Sunday, 20 November 2011

Anti-Academies - Fighting Gove's Schools Counter-Revolution

A packed Conference hosted by the Campaign for State Education in London yesterday heard an excellent range of contributions setting out the key arguments to combat Michael Gove's attempts to rip apart comprehensive local authority schooling. It's now vital that trade unionists and campaigners use those facts and ideas to build against academies and free schools in every community. 

Melissa Benn called on Ed Milliband to stop being ashamed of the 'c-word' and visit Alberta in Canada to see how comprehensive education succeeds. (see my review of her 'School Wars' book below  

But it was Clyde Chitty who gently chided Melissa for expecting New Labour to seriously oppose the Con-Dem's attacks. After all, he explained, Blair had outrageously described comprehensive education as 'academic vandalism' in his autobiography. Gove was merely taking New Labour's 'reforms' to their logical conclusion.

Contributing briefly from the floor, I took the opportunity to place these attacks in their economic context and to remind the meeting of the civil servant quoted in Clyde Chitty's 1997 book explaining that, once the post-war boom was over, we had to again educate children to 'know their place'. I asked whether trade unionists and anti-privatisation campaigners shouldn't now be standing independently in elections just like the independent labour candidates who stood in the School Board elections referred to in Melissa Benn's book? For the generally older audience at this conference, many of whom from a Labour Party tradition, the suggestion that we can no longer rely on Labour, whose leadership are firmly wedded to the neo-liberal agenda of cuts and privatisation, is still hard to accept. However, it is a break that I believe they will have to take.

Other contributors added important information. Barrister David Wolfe explained how each Academy is established under a different 'Funding Agreement', written without scrutiny as a contract with the Secretary of State - the one school  'GOVE-erner' as another contributor put it. Christine Blower from the NUT outlined the international evidence from Sweden and the USA exposing how privatisation leads to worse results and increasing segregation and class polarisation between schools.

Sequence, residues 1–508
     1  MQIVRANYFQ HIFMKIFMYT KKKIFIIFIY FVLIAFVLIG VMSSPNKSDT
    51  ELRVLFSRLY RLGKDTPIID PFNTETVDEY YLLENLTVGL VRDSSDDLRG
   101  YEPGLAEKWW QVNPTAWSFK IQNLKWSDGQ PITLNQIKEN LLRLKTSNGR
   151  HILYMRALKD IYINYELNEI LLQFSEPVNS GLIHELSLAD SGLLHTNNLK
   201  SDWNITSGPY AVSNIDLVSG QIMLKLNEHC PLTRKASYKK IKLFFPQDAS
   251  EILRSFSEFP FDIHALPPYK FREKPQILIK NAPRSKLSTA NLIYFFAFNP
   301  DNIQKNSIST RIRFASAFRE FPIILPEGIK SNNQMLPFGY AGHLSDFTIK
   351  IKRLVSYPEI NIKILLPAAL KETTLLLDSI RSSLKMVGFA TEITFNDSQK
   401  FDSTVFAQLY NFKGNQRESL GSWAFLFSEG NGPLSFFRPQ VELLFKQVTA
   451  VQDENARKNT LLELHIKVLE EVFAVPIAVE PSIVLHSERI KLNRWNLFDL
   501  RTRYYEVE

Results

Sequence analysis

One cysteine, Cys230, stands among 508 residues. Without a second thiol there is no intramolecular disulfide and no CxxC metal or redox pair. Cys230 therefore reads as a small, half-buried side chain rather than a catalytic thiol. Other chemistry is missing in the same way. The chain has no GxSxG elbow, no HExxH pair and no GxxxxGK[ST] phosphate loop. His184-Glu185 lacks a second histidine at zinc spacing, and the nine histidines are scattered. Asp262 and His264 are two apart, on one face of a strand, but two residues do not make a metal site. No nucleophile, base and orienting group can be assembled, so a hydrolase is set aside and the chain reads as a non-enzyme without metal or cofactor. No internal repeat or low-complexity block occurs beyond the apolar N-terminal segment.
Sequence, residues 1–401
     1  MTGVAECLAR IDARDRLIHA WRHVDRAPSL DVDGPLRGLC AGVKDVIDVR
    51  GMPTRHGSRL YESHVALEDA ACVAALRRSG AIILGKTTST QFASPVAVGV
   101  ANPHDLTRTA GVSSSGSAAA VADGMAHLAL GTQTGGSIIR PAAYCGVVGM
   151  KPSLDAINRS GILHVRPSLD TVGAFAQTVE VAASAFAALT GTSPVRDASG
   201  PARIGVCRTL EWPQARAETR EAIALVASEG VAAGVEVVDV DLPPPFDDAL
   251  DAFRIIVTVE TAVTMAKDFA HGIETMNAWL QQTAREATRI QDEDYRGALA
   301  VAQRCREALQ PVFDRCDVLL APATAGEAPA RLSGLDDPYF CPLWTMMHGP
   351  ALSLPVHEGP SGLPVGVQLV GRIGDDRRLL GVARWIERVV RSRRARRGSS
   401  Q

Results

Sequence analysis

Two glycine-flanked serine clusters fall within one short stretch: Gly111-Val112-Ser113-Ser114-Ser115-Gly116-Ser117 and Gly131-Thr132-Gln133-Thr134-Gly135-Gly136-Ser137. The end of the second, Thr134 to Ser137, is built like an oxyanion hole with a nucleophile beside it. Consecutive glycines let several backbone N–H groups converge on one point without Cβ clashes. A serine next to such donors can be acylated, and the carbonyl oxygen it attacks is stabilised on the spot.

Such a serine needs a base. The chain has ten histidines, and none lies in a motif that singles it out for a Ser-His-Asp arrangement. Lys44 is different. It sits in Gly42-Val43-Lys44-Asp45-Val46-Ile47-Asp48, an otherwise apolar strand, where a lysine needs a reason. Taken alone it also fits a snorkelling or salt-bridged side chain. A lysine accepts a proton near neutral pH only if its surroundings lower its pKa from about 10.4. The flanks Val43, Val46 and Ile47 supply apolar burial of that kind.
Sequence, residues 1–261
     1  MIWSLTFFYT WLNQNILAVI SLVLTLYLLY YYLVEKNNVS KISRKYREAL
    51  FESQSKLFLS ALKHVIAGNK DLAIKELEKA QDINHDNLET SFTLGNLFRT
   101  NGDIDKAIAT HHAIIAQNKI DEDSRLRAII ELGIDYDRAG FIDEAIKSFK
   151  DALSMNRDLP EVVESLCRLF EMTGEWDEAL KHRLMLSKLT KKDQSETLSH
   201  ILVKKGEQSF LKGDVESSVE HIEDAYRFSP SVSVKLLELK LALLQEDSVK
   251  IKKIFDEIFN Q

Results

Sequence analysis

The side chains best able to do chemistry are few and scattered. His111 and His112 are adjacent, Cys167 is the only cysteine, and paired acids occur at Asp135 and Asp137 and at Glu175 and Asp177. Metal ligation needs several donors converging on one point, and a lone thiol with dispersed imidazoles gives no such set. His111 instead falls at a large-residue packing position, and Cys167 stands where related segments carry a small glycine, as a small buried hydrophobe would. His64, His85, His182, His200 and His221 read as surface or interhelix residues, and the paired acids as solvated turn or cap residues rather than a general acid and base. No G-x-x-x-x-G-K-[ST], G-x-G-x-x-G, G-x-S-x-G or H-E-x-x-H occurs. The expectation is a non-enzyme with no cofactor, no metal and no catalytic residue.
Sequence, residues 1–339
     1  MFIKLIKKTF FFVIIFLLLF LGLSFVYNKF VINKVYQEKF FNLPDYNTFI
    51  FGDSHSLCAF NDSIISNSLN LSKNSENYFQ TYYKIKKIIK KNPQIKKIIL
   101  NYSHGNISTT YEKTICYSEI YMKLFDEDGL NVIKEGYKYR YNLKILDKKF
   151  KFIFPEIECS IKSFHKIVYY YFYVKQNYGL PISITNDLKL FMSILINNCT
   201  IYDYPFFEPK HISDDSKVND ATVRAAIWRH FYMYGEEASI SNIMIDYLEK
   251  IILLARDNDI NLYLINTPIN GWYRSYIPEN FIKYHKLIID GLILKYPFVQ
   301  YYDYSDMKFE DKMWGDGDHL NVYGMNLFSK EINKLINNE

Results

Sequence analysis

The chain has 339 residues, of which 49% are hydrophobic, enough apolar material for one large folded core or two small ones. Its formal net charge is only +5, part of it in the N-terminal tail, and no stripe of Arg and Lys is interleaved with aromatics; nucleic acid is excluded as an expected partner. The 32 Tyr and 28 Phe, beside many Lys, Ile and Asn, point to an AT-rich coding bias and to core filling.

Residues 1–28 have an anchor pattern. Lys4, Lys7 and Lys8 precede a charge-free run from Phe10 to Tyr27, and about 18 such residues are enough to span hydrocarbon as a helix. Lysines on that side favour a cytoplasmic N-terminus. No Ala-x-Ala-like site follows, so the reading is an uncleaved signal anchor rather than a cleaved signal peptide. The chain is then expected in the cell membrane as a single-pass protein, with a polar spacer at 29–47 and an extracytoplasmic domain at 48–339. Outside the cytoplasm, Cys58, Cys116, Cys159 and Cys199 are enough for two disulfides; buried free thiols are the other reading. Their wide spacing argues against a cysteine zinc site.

Professor Stephen Ball exposed the big edu-businesses taking hold of education in Britain and internationally but it was a reference from Martin Johnson from the ATL that summed-up the money-grabbing attitude of these vultures. Martin quoted from a letter released to the Stock Exchange last week from Wey Education plc, a company headed by Zenna Atkins, ex-Chair of Ofsted. The words speak for themselves:

‘The Company will concentrate on becoming a leading education company focusing on providing a single solution to schools. Wey is responding to the English market opportunity brought about by the transfer of state-run schools to independent charitable entities and the deconstruction of the education function within local authorities. Within the 53 billion pound English education system, the standards achieved by pupils and the rounded quality of the education they receive need to be significantly improved. Additionally the evidential efficiencies that can be made in the operation of schools combine to make a clear opportunity to make a substantial return to investors and improve education in the UK.’;jsessionid=892A1DFA509EAFD196F7D34A7527718F?newsId=1403538

But you can only make a 'substantial return to investors' at the expense of pupils' education and staff pay and conditions. We have to expose these vultures and Gove's real intentions and fight to defend, and extend, genuine comprehensive education for all.

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